Can these people make their own fluorspar? Of course! Chalk, limestone or any calcium, treated with ClF₃ will terminally fluorinate all components. Limestone will turn to Ca₂F, and volatile CF₄; not sure about the oxygen but I think it would leave as CO₂. The CaF₂ thus made would be a chalky insoluble white paste.

I propose the most elegant solution would be to dispense with the armor concept and cumbersome accoutrements altogether, and instead coat the naked body with a thick layer of CaF₂ paste. ClF₃ will bounce harmlessly off. It would be easy to thicken up one's protective coat of fluorspar paste as events necessitate.

eye protection

There remains the eyes. It is hard to see if thick white paste is applied to them. For this the crystalline form of fluorspar will still be necessary. AND awesome looking.

enter image description here

breathing protection

The final issue is to provide respirator protections for these naked crystal-eyed warriors. Here is how that can be accomplished, at the cost of aesthetic purity.

From an article on disposing of ClF₃ from nepis.epa.gov:

scanned text

Based on this, the respirator would have 2 stages. The outer is of finely particulate salt (NaCl). The ClF₃ strips off the Na to form inert NaF. Chlorine from NaCl and ClF₃ is released as gas. The second stage is a regular charcoal respirator like the WW1 soldiers used — charcoal adsorbs Cl fine.

I suppose the fluorspar lenses could be built into the mask. Naked white-caked people wearing these freaky masks would still meet Tom's criteria, I think.


attribution

Fluorite crystals apparently cropped from “FLUORITE — Illinois State Mineral” in Rocks and Minerals Magazine, January-February 2013.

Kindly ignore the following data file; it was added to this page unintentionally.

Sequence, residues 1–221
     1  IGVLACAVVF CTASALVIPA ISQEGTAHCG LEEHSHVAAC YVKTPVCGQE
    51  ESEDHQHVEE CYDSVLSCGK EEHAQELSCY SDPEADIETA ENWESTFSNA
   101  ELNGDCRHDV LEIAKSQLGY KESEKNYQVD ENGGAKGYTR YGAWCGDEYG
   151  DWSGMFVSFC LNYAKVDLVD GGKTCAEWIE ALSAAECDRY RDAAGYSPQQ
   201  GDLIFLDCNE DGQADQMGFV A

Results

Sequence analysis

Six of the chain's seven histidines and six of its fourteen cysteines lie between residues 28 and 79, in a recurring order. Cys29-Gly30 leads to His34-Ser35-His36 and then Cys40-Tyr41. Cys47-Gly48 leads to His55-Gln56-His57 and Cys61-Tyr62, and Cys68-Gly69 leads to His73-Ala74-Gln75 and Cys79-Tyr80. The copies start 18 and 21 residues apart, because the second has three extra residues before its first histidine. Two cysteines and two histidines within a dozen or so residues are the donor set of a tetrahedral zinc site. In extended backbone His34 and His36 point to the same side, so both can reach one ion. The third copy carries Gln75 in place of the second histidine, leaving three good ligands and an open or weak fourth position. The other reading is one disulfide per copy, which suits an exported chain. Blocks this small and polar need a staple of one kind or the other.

Mud image adapted from a still from “Mud Paint Performance #23” by Route 207 Films.

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    $\begingroup$ I suppose breathing is also optional while handling the stuff? $\endgroup$ – Cort Ammon May 6 '17 at 22:45
  • $\begingroup$ @Cort Ammon. Ah yes; it is a gas. I will assume these people keep their Cl3F chilled in liquid form, in with the champagne. In fluorspar crystal decanters. $\endgroup$ – Willk May 6 '17 at 23:09
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    $\begingroup$ yes! Very nice and a good general explaination. I suppose having organisms containing fluorine may cause more instances of fluorspar occuring within limestone deposits. $\endgroup$ – JDługosz May 7 '17 at 6:45
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    $\begingroup$ @Will The boiling point of ClF3 is 11C. If the only thing protecting you from inhaling it's vapors is that you are planning on not spilling it. There's no point in having any other protective equipment because you will be screwed anyway as soon as you loose containment. Remember it burns on contact with oxygen, and it's byproducts require significant protective equipment in their own right. $\endgroup$ – sphennings May 7 '17 at 14:17